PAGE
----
It’s easy to see why it’s so popular. This relatively small peninsula offers nearly everything you could hope for in a holiday, from wide sandy beaches and surfing spots like Plage de l’Horizon to the charming oyster villages of L’Herbe and Le Canon – all linked by miles of safe, forest-lined cycle paths. Cycling is a popular pastime throughout the area. It’s possible to cover the length of the bay en vélo and you’ll find bike hire companies in all the larger towns. In peak season, when the roads around the bay can be busy, the cycle routes offer stress-free travel.
Of course, no trip to Cap Ferret would be complete without a visit to the historic lighthouse. It’s 258 steps up to the top of the Phare du Cap Ferret, which offers sweeping views of the bay and open sea beyond. From here you can really appreciate the magnitude of the Dune du Pilat across the way. Another local must is Chez Hortense, a legendary restaurant renowned for its unrivalled moules-frites as well as its views. Some make the trip out to Cap Ferret just to dine here and it’s not uncommon for bateaux taxis to ferry people across from Arcachon for lunch.
The next day, we head to the south side of the bay to visit the historic town of Arcachon. Like most places here, Arcachon was once a quiet fishing port until the railway came to town in the mid-19th century. It’s divided into four distinctive quartiers named for the four seasons. The day is cloudy and noticeably cooler, so it seems fitting that we start our tour in a neighbourhood known as the Ville d’Hiver, or Winter Town. This part of town is known for its many ornate villas or Arcachonnaise, which were built for wealthy tourists in the 1860s.
Arcachon gained a reputation as a health resort in the early 19th century when upper class Bordelais suffering from Tuberculosis were sent here to convalesce. The area’s climate was thought to be therapeutic and sea bathing was offered as a cure. The discovery of a natural spring, La source Sainte Anne des Abatilles, in 1923, further cemented Arcachon’s image as a wellness spot. Today you can find L’Eau des Abatilles in supermarkets and you can still visit the source to ‘take the waters’. As we make our way towards the seafront, we stop off at the beautiful Parc Mauresque to check out the famous belvedere at the Observatoire Sainte-Cécile. Standing 25 metres high, the steel tower offers great views of the town and given its resemblance to another famous French tower, I’m not surprised to learn that a young Gustave Eiffel collaborated on its design.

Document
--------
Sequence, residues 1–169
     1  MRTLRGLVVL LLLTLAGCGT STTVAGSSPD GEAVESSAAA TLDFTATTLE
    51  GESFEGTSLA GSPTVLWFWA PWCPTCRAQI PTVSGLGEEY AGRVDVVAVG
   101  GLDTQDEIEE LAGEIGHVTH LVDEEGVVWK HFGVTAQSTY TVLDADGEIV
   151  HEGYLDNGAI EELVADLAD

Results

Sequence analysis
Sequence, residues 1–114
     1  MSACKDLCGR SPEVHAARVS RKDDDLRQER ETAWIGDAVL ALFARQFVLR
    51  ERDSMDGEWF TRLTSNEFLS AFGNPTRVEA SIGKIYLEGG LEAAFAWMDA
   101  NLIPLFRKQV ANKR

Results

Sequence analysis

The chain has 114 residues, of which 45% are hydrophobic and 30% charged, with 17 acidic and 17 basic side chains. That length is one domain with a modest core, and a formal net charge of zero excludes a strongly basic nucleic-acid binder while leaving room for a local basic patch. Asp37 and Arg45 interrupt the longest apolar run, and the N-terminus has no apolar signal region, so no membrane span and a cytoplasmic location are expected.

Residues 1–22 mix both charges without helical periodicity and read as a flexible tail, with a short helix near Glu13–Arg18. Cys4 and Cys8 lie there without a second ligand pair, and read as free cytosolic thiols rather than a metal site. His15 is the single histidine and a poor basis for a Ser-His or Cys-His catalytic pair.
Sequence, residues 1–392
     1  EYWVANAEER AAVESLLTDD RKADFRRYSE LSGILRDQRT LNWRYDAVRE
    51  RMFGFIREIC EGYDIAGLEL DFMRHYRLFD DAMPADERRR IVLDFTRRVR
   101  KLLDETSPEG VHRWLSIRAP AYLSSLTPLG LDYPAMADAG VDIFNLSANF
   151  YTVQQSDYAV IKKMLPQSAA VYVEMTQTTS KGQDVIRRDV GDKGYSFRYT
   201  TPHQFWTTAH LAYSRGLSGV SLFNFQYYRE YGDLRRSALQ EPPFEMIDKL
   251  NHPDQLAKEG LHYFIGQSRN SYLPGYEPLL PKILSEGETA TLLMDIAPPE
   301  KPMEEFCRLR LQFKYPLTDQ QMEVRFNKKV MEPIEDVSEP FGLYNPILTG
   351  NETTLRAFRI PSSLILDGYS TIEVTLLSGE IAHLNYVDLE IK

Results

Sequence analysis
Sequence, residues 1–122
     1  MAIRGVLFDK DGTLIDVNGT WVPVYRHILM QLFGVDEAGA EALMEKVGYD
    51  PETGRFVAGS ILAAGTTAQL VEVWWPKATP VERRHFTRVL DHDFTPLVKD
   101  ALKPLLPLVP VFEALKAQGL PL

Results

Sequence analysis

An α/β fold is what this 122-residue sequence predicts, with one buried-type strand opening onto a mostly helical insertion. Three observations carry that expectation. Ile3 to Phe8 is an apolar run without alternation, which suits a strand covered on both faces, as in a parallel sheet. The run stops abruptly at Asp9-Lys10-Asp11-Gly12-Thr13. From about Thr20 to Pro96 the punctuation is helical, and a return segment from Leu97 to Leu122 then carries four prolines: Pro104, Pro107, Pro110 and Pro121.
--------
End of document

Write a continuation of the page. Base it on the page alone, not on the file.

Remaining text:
The main seafront is situated in the Ville d’Été, or Summer Town. Even in the off-season, this is the liveliest part of town and home to the most popular bars and restaurants. At the forefront sits the impressive Château Deganne, a Neo-Renaissance mansion that houses the town’s casino.
Although wandering along the upscale seafront and past elegant villas offers a glimpse of Arcachon’s bourgeois past, we are keen to get back to more natural wonders. And I’m told there’s no better way to get up close and personal with nature than the awe-inspiring Grand Dune du Pilat.
Situated at the southernmost tip of the bay in La Teste-de-Buch, this impressive natural dune measures just over 100 metres high and 2.7 kilometres long and is understandably the area’s biggest tourist attraction. From Easter through October, there’s a staircase to the top, but we’ve missed it so have no choice but to clamber up as best we can. As we reach the desert-like summit, the sun breaks through the clouds and it’s suddenly very warm. We sit down for a rest on the sand and take in the spectacular views one last time. I concede that my friends were right about visiting off-season – we’ve thoroughly enjoyed the peace and quiet. But I also know I’d come back anytime.
By plane: Fly from Gatwick to Bordeaux with easyJet or British Airways.
By ferry: Brittany Ferries operate two crossings a week from Portsmouth to Bilbao – a 3.5-hour drive from Arcachon.
The towns of the bay are linked by cycle paths, so it’s easy to get around by bike. Sea taxis will also take you to most points of interest across the Bay.
WHERE TO STAY
Tel: 0033 (0)5 24 18 00 49
An elegant hotel with lovely, spacious rooms and beautiful views of the Arcachon Bay. Rooms from €110.
WHERE TO EAT
Tel: 0033 (0)5 56 60 62 56
Legendary restaurant renowned for its unrivalled moules-frites as well as its views.
Tel: 0033 (0) 5 56 82 11 07
Popular authentic restaurant specialising in seafood.
WHERE TO VISIT
Réserve Ornithologique Du Teich
Tel: 0033 (0) 5 24 73 37 33
Explore along a 6km-long circular path with 20 roofed viewing points where you are most likely to see birds. Dogs are not allowed.
Le Phare du Cap Ferret
A 30-minute visit costs €4 for adults and €2 for children.